Q: I think I’m getting to the limit of what I can pull through a plate by hand. How hard would it be to rig up a draw-bench that would increase the size of wire I could draw?
A: The first draw bench I ever built, back when I was just out of school and on a very restricted budget, was about as simple and cheap as it gets. It was just a series of one-inch deep holes drilled in a piece of 2″ × 4″ lumber. That got C-clamped to the workbench top, with one end butted up against the vise that was already mounted there. Then I took a length of sturdy iron rod or pipe (I don’t recall which it was) and attached a hook made from quarter-inch steel rod, attaching it about four inches from one end so that with the end of the steel rod inserted in a hole, the hook was just about level with the vise jaws. I used vise-grip pliers, with a ring attached to one end, as a draw tong.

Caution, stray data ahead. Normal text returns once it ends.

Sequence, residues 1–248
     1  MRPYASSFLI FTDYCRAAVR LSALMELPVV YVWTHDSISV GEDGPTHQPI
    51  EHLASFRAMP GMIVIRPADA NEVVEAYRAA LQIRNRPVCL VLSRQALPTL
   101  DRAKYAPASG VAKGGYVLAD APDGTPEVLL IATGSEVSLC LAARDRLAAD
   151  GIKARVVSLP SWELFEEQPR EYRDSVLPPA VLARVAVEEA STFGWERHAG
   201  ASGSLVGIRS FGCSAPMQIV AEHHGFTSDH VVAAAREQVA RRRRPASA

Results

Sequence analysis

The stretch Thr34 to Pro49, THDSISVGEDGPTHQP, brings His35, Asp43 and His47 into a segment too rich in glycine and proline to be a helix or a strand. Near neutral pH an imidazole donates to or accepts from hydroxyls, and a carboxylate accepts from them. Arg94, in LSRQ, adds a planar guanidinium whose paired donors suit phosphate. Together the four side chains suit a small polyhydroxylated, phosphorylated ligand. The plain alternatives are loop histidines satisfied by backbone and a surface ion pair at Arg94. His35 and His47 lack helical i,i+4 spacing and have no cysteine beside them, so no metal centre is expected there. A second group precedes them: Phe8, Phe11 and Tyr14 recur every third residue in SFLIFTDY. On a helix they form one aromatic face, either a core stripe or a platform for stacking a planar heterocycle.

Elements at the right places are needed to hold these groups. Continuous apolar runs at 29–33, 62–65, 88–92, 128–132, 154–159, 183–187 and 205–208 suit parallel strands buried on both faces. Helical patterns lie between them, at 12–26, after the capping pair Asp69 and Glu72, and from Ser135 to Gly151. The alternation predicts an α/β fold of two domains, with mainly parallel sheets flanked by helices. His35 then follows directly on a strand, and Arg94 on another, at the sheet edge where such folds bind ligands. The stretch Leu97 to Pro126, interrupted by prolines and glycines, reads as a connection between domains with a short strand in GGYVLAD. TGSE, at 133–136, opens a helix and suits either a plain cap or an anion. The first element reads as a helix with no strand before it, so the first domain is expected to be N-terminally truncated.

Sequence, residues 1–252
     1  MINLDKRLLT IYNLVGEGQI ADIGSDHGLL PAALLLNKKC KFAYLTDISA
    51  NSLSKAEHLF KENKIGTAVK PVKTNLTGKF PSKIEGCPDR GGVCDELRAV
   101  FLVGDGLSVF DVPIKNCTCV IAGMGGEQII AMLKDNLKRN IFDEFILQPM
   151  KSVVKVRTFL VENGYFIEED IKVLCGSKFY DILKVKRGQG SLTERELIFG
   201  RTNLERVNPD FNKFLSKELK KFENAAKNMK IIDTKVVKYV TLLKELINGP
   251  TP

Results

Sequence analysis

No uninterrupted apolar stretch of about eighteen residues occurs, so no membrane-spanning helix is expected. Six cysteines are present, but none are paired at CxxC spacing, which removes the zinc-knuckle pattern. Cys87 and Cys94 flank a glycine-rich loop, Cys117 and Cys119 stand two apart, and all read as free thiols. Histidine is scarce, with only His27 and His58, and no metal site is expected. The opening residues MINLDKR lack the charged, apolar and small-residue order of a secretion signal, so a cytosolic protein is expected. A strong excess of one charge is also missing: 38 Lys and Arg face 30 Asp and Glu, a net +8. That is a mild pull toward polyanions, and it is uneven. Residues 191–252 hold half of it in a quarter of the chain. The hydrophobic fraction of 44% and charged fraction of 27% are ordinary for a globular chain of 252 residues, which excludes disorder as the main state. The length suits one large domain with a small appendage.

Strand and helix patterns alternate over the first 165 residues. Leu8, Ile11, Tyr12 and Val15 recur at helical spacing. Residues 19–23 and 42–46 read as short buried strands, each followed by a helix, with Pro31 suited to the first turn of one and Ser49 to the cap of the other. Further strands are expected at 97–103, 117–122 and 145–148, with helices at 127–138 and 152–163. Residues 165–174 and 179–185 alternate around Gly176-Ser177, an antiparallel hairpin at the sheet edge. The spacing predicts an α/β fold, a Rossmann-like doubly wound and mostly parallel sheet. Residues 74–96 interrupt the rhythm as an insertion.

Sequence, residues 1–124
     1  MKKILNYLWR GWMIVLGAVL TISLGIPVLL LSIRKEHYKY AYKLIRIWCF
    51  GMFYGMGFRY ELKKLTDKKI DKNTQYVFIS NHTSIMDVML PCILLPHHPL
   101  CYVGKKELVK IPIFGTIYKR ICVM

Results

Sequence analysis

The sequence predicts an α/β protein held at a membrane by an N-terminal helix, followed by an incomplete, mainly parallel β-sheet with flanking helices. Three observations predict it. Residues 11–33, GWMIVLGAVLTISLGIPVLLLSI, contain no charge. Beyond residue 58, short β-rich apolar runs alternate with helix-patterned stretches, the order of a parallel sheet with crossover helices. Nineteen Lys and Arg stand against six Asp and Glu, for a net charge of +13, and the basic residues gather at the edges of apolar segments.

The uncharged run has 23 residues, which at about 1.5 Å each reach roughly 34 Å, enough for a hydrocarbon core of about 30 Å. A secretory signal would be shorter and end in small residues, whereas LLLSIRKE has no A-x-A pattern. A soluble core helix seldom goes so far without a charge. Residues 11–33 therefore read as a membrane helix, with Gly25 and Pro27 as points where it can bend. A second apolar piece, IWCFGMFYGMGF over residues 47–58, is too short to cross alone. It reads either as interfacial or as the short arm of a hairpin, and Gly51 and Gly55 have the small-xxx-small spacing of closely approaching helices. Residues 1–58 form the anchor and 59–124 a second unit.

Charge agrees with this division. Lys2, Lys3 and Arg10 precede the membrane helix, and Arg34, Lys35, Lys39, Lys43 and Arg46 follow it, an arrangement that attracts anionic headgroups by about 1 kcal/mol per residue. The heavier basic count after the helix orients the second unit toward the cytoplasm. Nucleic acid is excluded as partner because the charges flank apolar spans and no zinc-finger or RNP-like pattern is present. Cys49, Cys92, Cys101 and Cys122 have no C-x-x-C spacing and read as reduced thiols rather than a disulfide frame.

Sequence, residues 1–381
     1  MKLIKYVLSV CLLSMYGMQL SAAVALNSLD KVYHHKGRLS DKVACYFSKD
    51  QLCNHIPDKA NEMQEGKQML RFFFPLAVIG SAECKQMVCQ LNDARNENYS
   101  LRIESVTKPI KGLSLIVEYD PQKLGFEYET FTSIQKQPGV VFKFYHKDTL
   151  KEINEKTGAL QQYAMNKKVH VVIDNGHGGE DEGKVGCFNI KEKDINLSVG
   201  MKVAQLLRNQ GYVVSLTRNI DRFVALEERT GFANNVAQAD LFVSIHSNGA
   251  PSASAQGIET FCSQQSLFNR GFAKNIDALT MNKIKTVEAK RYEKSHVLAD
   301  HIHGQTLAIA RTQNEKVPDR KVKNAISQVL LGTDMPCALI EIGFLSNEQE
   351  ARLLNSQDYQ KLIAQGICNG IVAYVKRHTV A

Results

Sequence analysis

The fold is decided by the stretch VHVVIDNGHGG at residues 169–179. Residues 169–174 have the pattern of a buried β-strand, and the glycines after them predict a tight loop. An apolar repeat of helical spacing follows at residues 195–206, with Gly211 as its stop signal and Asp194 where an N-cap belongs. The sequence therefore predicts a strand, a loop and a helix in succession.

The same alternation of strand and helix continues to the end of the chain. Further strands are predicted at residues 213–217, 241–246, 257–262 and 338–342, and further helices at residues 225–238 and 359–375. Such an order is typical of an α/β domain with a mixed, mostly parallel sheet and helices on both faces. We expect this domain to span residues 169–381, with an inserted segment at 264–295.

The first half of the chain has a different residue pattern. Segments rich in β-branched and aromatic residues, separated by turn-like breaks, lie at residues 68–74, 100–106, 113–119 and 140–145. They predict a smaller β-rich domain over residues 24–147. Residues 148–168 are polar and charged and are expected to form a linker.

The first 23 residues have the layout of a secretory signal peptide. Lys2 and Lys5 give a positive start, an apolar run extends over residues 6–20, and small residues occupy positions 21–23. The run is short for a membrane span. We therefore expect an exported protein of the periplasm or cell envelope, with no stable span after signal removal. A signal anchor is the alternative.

After fixing the pliers to the end of the wire, I’d catch the ring with the hook, and use the long lever of the bar, with its short end stuck in a hole, to pull the pliers along, switching holes every few inches. It worked well enough, though slower than a “real” draw bench, and it tended to give the drawn wire slight step marks from each time I’d have to interrupt the draw to change holes. How much power it gives you is simply a function of the length and strength of the lever bar. Since at that time I only needed such a thing occasionally, it worked fine for me.
by Peter W. Rowe M.F.A., G.G.